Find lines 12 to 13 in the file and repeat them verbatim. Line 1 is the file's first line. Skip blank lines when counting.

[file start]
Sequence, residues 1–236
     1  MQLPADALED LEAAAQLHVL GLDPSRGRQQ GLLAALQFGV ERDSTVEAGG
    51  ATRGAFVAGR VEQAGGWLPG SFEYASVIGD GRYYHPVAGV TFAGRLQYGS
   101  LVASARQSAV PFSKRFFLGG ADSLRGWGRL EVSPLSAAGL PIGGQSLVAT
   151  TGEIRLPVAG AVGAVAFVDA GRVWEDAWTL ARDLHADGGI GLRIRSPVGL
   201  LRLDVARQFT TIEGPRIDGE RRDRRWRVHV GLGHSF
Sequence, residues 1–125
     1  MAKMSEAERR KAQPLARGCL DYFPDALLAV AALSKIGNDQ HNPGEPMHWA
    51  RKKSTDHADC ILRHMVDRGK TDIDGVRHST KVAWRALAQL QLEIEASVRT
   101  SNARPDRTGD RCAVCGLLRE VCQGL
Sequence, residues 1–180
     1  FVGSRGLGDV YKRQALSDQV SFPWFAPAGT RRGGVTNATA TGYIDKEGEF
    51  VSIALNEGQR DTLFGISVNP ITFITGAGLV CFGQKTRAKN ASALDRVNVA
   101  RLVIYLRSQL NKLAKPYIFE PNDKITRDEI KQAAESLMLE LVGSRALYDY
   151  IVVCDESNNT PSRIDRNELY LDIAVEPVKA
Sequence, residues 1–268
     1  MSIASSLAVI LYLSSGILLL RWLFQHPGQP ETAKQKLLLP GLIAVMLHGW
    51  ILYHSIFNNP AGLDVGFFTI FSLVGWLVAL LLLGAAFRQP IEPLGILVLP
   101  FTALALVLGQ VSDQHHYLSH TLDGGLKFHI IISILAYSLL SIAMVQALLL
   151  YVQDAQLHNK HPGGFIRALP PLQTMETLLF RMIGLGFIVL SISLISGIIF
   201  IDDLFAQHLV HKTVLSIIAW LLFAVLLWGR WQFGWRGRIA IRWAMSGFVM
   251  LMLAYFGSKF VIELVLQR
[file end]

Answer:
     1  FVGSRGLGDV YKRQALSDQV SFPWFAPAGT RRGGVTNATA TGYIDKEGEF
    51  VSIALNEGQR DTLFGISVNP ITFITGAGLV CFGQKTRAKN ASALDRVNVA